“In my life, I see no difference between making pots, cooking, and growing vegetables. They are all related. However, there is a need for me to work in clay. It is so gratifying, and I get so much joy from it, and it gives me many answers for my life.”
Among the preeminent ceramicists of the past century, Toshiko Takaezu (1922-2011) is celebrated for her expressionist ceramics that drew inspiration from the volcanic landscape of her native Hawaii, the philosophies of Zen Buddhism, and abstract expressionism. Takaezu was one of eleven children born to Japanese immigrant parents in Pepeekeo, Hawaii, a small rural community on the east side of the “Big Island.” Her parents were from Okinawa and raised their children in a traditional Japanese home, with her father working as a farmer and laborer; Takaezu referred to herself the “navel child” of her family, as she had five older and five younger siblings. In 1940 she dropped out of high school to work at the Hawaii Potter’s Guild, a commercial ceramic studio in Honolulu, where she acquired a foundational knowledge of ceramic processes, materials and techniques. Takaezu’s formal ceramic education began in 1944, when she began taking pottery lessons led by an officer in the US Army Special Services division who was stationed in Hawaii to perform topographical research; the officer encouraged Takaezu to pursue her creative interests while taking her openings, plays, and concerts to expose her to other artistic disciplines.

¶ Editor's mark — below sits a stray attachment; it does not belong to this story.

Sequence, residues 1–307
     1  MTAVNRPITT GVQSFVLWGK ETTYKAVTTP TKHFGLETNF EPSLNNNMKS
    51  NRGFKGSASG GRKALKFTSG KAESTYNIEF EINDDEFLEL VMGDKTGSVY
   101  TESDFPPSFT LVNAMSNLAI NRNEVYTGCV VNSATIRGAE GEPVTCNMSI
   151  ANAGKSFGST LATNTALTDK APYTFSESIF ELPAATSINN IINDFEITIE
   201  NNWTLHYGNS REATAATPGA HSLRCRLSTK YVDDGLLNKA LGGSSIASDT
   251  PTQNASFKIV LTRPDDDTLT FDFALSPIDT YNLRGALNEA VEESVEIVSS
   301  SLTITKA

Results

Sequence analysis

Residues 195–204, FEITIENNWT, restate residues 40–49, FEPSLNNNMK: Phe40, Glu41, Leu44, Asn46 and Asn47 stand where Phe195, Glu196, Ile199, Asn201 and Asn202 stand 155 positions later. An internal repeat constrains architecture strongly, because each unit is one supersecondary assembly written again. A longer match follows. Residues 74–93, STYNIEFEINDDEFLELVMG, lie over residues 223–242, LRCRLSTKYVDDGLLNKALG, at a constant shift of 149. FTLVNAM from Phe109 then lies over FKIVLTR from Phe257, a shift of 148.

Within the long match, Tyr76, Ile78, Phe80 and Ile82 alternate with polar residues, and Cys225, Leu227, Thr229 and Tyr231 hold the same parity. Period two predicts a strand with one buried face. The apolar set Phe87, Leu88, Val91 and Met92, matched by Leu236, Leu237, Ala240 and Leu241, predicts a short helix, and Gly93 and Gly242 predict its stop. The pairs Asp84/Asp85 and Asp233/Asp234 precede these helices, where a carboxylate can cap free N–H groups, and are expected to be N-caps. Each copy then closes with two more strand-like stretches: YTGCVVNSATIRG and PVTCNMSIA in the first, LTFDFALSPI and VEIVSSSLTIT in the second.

In 1945 Takaezu left the Potter’s Guild to work at a ceramic production facility located in a woodworking mill, where learned molded production ware and glaze chemistry techniques. There she met the ceramicist and sculptor Claude Horan, who became a highly influential mentor to the young artist. Feeling the need for a greater creative outlet, Takaezu began taking painting and drawing classes at the Honolulu Art School in 1947, where Precisionist painter Ralston Crawford was one of her instructors. The following year she enrolled at the University of Hawaii to study under Horan, who had recently taken a faculty position there. Studying at UH from 1947–1951, Takaezu also took design and weaving classes while developing her ceramic practice, exhibiting her pottery for the first time at the prestigious Ceramic Nationals exhibition at the Everson Museum of Art in Syracuse, NY, in 1949. It was in these years that the artist developed her earliest examples of closed-form ceramics, which grew out of Horan’s approach to similar bottle forms.
In 1951 Takaezu relocated to Bloomfield Hills, Michigan, to attend the Cranbrook Academy of Art, where she studied under Maija Grotell, a Finnish-American ceramicist whose work inspired Takaezu’s interest in the school. Acclaimed for her artistic philosophy, which advanced the idea that ceramics could be a fine art akin to sculpture, Grotell emphasized self-discovery and an embrace of individuality in her teachings; Grotell became a formative mentor for Takaezu, not only in the development of her practice, but also in her own approach to teaching, an endeavor Takaezu would pursue later in life. In 1955, Takaezu traveled to Japan for the first time to glean a deeper understanding of the nation’s culture and connect with her heritage. The young artist spent eight months there, studying traditional and contemporary ceramic techniques, the tea ceremony, and Zen Buddhism.
She also met leading ceramicists Toyo Kaneshige and Yagi Kazuo, the latter of whom, like Grotell, focused on nonfunctional vessels and sought to elevate ceramics to the realm of sculpture. Takaezu’s experiences in Japan were